known, understood, accompanied,
invited to join the bookish tribe.

I have seen saints come forth
no longer alone, carrying a new
gospel, a personal testament,
a passport for the new life.”

Once you set yourself assignments like these—such as to write a poem “for” something each day—your writing can take on a new focus. You now have a task to hold lightly through the day.

Try it: if you were to dedicate your writing today as an action of “for” rather than “about,” what might shift in your tone or perspective?

This blog post is for you, dear reader. May you have a day of good work,





Oct 08

Fall Gatherings


Dear friends,

Windfall apples diced and simmering on the stove. Chard and kale in leafy abundance for sautés and smoothies. Sungold tomatoes sweet enough to eat right off the vine. Delicata squash still ripening as its vine dies back. Raspberry canes still bearing a few red jewels when we remember to check. All the gatherings of fall, the gifts that make it possible to let go of long, sunny summer days and turn again toward the hearth.

And so we let go of eating summer salads outside on the deck, swimming in lakes, pulling weeds after dinner as the sun goes down. We light a fire in the wood stove, dust off the books in the library, make soup, roast beets and squash, welcome the return of the salmon.

As we gather the harvest, fall reminds us of the importance of gathering together with friends again, too . I don’t know about you, but I find it hard to stay inside long enough to write in the summer. Instead, I carry my notebook with me, filling it with notes and sketches of what I observe. Now, I pull out that notebook, transcribe the notes, see if I might find the seed for a poem or two. As I work on those poems, I turn to my writing friends for feedback and our workshop starts up again after a long summer break.

Other gatherings happen in fall. In late September, I made the trek across the state to teach at Litfuse, a poetry gathering in Tieton. Thanks to the tireless efforts of Michael Shein, Carol Trenga and Ed Marquand, among others, Litfuse has become a vital celebration of poetry in all its diverse forms. I taught a workshop called “Words from the Land: Connecting with our Common Ground,” which seemed appropriate since Tieton is in the heart of apple orchard country. We read poems from the anthology: In Praise of Fertile Land, published by Whit Press, then wrote about our own connections to the land.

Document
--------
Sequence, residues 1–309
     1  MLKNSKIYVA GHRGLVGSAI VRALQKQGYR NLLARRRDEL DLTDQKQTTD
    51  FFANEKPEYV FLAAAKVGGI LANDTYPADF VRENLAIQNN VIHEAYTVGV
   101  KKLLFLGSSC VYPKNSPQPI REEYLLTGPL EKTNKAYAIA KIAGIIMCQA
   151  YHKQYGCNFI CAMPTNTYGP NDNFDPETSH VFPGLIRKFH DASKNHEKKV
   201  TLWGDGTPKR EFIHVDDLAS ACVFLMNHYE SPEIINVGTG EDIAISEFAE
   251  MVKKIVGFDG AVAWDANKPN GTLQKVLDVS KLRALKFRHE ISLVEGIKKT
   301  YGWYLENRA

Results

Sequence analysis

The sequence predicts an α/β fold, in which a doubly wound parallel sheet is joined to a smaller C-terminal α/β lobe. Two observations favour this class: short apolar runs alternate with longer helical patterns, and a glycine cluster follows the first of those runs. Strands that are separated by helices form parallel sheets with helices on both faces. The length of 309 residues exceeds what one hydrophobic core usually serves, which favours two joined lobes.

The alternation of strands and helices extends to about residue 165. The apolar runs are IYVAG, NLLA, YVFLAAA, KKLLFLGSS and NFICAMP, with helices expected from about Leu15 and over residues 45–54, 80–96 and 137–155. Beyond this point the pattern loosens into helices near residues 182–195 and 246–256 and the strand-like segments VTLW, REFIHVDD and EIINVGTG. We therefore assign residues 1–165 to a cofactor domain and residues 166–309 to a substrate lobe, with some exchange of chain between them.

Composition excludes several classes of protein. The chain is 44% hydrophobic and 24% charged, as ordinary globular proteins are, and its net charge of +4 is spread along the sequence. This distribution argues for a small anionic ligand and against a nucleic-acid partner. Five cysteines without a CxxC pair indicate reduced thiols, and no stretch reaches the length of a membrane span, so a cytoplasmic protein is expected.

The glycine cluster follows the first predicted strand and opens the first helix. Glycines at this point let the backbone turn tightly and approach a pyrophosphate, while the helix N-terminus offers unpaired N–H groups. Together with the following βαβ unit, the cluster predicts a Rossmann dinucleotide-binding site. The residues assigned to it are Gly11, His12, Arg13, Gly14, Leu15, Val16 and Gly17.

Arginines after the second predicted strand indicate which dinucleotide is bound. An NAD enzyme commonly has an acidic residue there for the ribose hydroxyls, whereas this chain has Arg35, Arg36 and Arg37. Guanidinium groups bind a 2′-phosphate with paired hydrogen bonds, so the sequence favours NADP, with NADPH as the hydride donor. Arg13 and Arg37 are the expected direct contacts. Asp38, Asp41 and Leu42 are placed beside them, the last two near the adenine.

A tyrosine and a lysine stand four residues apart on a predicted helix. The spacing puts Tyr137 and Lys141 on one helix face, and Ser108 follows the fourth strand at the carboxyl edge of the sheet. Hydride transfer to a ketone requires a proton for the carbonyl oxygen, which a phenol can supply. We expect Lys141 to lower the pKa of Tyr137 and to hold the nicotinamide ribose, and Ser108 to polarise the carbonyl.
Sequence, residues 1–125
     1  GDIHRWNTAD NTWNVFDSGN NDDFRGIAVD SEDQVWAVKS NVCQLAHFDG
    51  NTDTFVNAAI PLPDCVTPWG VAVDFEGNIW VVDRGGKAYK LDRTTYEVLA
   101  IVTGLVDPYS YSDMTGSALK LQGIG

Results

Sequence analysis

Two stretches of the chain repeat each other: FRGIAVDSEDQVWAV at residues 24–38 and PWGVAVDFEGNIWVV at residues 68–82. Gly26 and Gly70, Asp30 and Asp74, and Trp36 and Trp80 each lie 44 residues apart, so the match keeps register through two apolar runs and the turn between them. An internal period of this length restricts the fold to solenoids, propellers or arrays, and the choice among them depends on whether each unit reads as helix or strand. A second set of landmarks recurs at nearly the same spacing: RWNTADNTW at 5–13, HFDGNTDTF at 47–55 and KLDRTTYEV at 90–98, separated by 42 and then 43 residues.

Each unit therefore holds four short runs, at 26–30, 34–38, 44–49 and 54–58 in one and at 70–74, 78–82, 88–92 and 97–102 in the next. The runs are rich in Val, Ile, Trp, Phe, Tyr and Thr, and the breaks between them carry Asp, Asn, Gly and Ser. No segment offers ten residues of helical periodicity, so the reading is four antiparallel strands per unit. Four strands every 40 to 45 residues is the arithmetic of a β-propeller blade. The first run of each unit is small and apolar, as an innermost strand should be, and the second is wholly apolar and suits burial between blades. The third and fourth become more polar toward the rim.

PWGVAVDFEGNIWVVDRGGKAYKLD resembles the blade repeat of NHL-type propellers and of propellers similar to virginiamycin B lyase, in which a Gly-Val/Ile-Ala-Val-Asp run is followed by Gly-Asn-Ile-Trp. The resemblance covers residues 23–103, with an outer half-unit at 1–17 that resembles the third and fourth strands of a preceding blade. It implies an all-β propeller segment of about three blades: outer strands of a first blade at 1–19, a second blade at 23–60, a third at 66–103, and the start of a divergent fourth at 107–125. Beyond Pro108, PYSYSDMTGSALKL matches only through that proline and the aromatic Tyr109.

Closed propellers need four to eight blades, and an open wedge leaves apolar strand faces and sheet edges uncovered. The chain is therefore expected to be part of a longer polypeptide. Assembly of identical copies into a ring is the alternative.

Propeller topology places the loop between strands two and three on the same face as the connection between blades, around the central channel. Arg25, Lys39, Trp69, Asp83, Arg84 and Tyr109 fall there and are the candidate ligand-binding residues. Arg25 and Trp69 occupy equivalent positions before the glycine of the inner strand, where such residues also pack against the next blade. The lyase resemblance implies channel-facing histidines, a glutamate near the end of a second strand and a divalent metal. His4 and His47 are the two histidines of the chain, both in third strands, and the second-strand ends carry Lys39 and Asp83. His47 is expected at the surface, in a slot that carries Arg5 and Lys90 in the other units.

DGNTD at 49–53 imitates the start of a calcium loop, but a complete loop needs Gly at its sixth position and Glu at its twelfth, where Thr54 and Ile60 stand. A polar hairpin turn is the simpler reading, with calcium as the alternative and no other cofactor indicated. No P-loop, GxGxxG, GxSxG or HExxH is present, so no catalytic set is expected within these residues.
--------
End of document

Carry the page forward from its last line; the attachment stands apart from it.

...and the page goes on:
One of the participants was inspired to write about the apples she grew up with back east: the MacIntosh.

My Vagabond Song

“The scarlet of the maples can shake me like  the cry of bugles going by”
A Vagabond Song, Bliss Carmen, 1894

A Macintosh Apple doesn’t travel well
across the country.
It needs to stay home in New England

in the crisp autumn nights that
turn leaves red and gold

in the black soil full of humus
and colonial history

crisp thin skin with
tang and tartness
cut with sugary juices to the snap bite.

Last year on my birthday
Kathy sent me
in an envelope
some Macintosh seeds
from an apple she had just eaten.

The smell of wood smoke
down Frost’s country road
thick in mudtime

past  orchards getting smaller
as they are everywhere.

I want to feel its dark red roundness
warm in my palm
so I can put my head down
and smell it
and go home.

                  Peggy Barnett, 2014

I’ll end on a quote from a book I’m reading by Julian Hoffman: The Small Heart of Things: Being at Home in a Beckoning World. He begins with a line from Rilke: “Everything beckons us to perceive it, murmurs at every turn,” then goes onto remind us that “the art of perceiving is more about reception than it is vision. We don’t have to struggle to see things, Rilke suggests, for they are already there, calling us. The difficulty lies in unlearning our tendency toward indifference….There is possibility in the smallest of things, the most innocuous of moments. More mystery can be found in a few moments spent in a stand of trembling reeds than a lifetime passed in an unperceived world.”

May fall bring you many opportunities for noticing the beckoning world—see if you can notice some small natural detail you’d overlooked before—and for gathering together to share what you notice with friends.  You might also consider attending a writer’s conference in your area or creating your own writer’s gathering.  It could be as easy as inviting a few friends over for tea and sharing your fall harvest of words.

yours in gratitude for the abundance of fall,



Aug 24

The Summer of Puppies

mother love

Dear Friends,
At the beginning of this summer, I took in a pregnant foster dog, Becky. She was little more than a puppy herself: nine months old, a stray, with a golden coat and the brindled markings of a shepherd mix. She had an open, friendly face, eyes alert for whatever will happen next.

As soon as she arrived, the house took on an aspect of waiting. I found myself watching her belly, placing my hand there to feel the puppies moving inside, while Becky and I gazed at one another: a vast, reverberant silence between us. This waiting—it felt like a kind of worship.